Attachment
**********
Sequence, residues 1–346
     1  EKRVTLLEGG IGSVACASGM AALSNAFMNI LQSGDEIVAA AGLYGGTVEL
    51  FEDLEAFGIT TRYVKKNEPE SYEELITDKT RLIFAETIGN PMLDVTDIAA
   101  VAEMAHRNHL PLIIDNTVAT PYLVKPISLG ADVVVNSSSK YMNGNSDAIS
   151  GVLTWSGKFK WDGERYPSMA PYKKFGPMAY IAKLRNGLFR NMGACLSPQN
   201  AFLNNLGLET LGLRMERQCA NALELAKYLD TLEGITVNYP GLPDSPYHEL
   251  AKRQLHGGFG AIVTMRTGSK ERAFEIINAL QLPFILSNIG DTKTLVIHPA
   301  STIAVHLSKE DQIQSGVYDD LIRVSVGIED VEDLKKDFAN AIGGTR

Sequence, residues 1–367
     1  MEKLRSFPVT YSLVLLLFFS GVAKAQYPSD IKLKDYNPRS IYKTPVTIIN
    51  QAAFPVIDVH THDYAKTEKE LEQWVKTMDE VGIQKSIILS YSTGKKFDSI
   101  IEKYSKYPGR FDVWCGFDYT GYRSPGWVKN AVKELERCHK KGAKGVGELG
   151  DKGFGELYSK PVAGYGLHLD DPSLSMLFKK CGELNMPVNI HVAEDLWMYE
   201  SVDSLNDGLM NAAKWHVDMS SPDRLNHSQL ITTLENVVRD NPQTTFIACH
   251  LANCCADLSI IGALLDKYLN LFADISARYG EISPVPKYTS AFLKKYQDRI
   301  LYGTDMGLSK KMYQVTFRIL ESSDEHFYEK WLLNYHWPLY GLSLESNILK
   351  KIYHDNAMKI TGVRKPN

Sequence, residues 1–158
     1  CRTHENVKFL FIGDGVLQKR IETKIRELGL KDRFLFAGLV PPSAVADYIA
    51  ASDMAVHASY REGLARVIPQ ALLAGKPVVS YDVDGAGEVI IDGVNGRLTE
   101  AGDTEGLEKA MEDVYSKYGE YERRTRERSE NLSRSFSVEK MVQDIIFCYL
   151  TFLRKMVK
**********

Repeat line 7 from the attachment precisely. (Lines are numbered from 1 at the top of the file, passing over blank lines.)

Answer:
   251  AKRQLHGGFG AIVTMRTGSK ERAFEIINAL QLPFILSNIG DTKTLVIHPA